Thanks again for your question. Mistakes do creep through and we are always grateful to users who help us to find them!

 

Best wishes,

Peter

The LearnEnglish Team

Hi Peter,

Thanks for answering my queries and also, glad to help anytime. I see then that "them" and "everybody" are the respective indirect objects of the verbs "tell" and "informed", and that their that clauses are the direct objects. However, this seems abit "odd" to me, as it appears that "them" and "everbody" seems to be the main recipients of the verbs "tell" and "informed", as such, it seems to me that "them" and "everbody" are the direct objects instead, and that the that clauses simply follow to provide more information, in a sense. Any advice/comments on this issue?

Thanks!

Regards,
Tim

Hi Tim,

Indirect objects give us information about to whom or for whom the action is performed. If you need to identify the direct and indirect objects in a sentence then you can ask yourself the following (using 'tell' as an example):

What was told? [the information - the direct object]

Who was it told to? [the received - the indirect object]

I hope that helps to clarify it for you.

 

Best wishes,

Peter

The LearnEnglish Team

Hello there,

Isn't the following sentence an indirect speech sentence ( The doctors say that he has a week to live ) ? And in case it is, why did not you say (the doctors said that he had ...etc)?
Thank you in advance.

Hello khuder,

Yes, that sentence is an example of indirect speech, and it is correct. A lot of reported speech is in some kind of past tense, but the present tense is also possible, as in this case. Here the present simple is reporting an action occurring at about that time.

All the best,
Kirk
The LearnEnglish Team

Hello teachers, i have this clause: i think of her going away during the timeout, may i write it as it follows : i think that she goes away during the timeout, the meaning is different,isn't it?
Now i also wonder which of these is the correct one:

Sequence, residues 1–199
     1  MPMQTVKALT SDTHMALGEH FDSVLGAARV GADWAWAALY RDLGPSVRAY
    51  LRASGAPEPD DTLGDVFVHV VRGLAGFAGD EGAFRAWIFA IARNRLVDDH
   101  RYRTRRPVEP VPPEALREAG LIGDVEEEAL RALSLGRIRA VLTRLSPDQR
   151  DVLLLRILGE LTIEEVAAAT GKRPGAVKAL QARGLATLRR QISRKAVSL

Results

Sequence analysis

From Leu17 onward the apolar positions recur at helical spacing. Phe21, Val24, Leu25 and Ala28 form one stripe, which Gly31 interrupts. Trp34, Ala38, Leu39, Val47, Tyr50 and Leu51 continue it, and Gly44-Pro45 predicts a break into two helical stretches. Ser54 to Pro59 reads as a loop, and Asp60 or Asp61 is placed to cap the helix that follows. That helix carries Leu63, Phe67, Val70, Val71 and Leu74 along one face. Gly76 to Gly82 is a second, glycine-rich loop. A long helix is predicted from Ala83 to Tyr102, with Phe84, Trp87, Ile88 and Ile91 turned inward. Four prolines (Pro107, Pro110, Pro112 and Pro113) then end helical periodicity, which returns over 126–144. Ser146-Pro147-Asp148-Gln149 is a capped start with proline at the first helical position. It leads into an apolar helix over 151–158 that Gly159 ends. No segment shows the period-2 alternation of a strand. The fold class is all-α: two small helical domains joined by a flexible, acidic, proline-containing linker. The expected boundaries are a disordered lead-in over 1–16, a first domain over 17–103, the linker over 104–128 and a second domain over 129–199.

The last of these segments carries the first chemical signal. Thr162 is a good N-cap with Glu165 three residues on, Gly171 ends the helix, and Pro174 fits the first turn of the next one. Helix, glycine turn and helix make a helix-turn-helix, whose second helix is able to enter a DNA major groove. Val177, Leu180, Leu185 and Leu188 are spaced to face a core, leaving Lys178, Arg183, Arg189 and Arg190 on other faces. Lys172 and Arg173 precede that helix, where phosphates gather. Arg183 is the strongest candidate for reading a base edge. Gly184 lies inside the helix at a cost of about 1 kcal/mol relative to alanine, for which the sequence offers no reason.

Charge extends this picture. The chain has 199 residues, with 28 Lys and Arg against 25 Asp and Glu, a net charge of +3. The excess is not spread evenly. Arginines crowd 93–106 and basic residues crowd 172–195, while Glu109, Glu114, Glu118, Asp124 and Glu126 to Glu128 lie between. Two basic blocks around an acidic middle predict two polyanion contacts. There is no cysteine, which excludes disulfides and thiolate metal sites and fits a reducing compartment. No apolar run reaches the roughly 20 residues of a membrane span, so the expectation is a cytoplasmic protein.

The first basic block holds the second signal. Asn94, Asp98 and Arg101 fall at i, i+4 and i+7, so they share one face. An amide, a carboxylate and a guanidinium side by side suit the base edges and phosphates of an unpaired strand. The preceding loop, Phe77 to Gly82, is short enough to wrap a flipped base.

i think there is not a train which crosses the country in an hour or i think of there not being a train which crosses the country in an hour.

best wishes.

Hello rosario70,

You are right that the meaning is different. In your first sentence the meaning is something like 'I imagine her doing this' - you are talking about what you see in your mind. In the the second sentence you are expressing an opinion saying what you believe she does, not just imagining it in your mind.

The distinction is the same in the second pair of sentences. 'I think that...' expresses an opinion. 'I think of...' describes what you see in your imagination.

 

Best wishes,

Peter

The LearnEnglish Team

As someone mentioned earlier, learners want to know which verbs use that and which do not. A common confusing is with "about." Here is my attempt at a list

1) Verbs that take both “about” and “that”

think about, write about, argue about, read about, explain (about), know about, forget about, guess about, reply about, agree about, answer about, complain about,

think that, write that, argue that, read that, explain that, know that, forget that, guess that, reply that, agree that, answer that, complain that,

2) Verbs that ONLY take “that”
say that, assert that, claim that, believe, expect that, hope that, imagine* that, feel that, remember that, suppose that, deny that, mention that, promise that, suggest that,

imagine takes "about" if it has a direct object, e.g. "What do you imagine about the future?"

3) Verbs that ONLY take “about” NOT “that”
talk about, discuss (about),

4) Verbs that do not use either discuss politics, explain yourself, consider Japan,

hi kirk

you have any lesson like talk about "LET'S". if you have pls suggest me.

thanks
hussain

Pages